2) Warehousing in both metals was dominated by Rotterdam while Singapore and Baltimore also attracted good warehouse activity in cobalt.

3) Brand registration for both metals has also been good, with good delivery brands registered from ten cobalt producers and seven molybdenum producers.

Moly price is still predominantly determined by supply and demand and not speculative interest in the LME futures market. Although thinly traded, molybdenum futures have lately been behaving more or less like the major metals with periods of contango and backwardation of the 3-month and 15-month contarcts compared to moly oxide spot prices (contango occurs when the price of a commodity for future delivery is higher than the spot price, or a far future delivery price is higher than a nearer future delivery; backwardation is the opposite of contango).

I thought of a simple way we can test whether the LME moly futures contracts can indeed predict future prices...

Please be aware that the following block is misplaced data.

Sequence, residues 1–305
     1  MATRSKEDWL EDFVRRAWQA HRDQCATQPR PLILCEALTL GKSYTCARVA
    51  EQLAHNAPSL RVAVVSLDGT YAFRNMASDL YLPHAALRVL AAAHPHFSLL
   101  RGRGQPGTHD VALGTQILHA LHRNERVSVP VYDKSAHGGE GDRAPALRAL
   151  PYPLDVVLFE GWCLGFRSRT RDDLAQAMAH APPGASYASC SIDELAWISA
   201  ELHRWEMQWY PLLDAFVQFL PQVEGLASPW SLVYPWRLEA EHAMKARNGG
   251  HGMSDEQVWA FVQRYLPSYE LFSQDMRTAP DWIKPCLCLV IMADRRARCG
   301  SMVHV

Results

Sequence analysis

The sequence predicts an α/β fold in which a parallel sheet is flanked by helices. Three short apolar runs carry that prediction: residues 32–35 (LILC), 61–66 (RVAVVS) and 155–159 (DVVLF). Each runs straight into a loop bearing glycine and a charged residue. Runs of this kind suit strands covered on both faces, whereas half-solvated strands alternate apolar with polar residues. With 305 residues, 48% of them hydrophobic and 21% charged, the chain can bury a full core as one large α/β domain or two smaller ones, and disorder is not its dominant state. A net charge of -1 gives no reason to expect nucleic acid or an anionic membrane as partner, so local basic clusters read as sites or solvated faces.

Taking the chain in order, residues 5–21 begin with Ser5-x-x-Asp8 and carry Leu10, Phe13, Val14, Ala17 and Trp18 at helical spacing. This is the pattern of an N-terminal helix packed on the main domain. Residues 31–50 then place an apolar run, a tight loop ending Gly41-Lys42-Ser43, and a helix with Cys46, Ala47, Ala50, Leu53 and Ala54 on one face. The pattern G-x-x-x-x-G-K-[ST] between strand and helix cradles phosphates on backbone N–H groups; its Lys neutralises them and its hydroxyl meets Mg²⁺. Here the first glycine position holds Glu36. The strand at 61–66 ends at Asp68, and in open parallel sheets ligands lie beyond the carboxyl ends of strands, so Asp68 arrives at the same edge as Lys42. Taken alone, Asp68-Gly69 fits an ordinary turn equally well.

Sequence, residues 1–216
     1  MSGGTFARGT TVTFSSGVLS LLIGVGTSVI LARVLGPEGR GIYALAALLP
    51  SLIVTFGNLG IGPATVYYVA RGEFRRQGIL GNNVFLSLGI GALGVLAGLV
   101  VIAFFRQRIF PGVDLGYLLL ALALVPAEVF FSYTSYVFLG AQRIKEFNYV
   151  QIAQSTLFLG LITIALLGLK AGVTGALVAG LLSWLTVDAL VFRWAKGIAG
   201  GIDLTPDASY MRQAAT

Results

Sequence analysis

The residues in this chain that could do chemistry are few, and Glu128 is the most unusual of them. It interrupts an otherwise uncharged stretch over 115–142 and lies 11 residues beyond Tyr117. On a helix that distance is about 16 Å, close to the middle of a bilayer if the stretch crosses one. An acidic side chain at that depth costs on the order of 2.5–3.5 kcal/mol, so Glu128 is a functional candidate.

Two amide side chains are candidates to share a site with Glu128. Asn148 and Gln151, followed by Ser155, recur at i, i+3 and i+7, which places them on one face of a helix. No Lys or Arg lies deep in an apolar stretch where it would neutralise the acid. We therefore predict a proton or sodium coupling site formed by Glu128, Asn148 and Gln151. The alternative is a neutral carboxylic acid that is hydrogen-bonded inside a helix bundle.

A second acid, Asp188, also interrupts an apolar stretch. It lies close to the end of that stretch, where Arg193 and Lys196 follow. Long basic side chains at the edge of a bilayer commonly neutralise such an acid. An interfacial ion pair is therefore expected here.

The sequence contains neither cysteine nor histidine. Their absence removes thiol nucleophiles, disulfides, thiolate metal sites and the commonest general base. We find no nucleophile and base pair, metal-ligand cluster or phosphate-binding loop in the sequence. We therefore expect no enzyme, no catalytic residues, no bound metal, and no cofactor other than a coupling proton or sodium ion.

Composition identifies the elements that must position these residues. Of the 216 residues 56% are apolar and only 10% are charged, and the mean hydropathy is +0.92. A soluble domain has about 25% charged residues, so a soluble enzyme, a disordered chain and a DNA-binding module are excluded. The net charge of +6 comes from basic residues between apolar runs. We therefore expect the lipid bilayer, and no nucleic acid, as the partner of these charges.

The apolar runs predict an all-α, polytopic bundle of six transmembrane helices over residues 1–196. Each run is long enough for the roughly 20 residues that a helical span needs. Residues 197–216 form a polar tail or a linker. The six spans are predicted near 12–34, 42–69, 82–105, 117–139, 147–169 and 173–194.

LME Moly Prices Drop

Yesterday, LME 3-month and 15-month contracts dropped but spot prices in the West and Europe remain unchanged at $17.00/lb and $17.82/lb respectively. Here's a comparison of future prices between last Friday and yesterday:

Friday (2/18/2011):

3-month seller $18.14/lb
15-month seller $18.28/lb

Tuesday (2/22/2011):

3-month seller $17.10/lb down 5.7%
15-month seller $17.85/lb down 2.4%

In Europe we've gone from contango to backwardation on the 3-month seller contract and spot price. I'm willing to place a bet that we'll see a fall in European spot prices soon. Here's a good Irish beer bet:

European Moly Oxide will break below $17.50/lb before St. Patrick's day 2011

You can check out some of the Colonel's other beer bets near the bottom of the column to your right.

Daily Oil Watch